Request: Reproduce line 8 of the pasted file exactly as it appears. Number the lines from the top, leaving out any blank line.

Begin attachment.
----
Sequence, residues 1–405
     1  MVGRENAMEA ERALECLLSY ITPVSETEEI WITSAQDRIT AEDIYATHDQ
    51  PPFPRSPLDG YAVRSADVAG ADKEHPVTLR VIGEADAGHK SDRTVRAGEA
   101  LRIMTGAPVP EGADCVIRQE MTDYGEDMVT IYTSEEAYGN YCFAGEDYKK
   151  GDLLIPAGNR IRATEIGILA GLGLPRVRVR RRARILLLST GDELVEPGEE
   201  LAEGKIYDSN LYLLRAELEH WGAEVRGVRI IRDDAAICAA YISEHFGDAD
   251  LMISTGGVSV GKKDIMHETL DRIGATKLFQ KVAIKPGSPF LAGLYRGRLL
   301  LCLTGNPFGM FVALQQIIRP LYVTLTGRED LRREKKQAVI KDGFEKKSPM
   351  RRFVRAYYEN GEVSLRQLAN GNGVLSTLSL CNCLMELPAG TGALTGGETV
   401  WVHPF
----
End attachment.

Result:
   301  LCLTGNPFGM FVALQQIIRP LYVTLTGRED LRREKKQAVI KDGFEKKSPM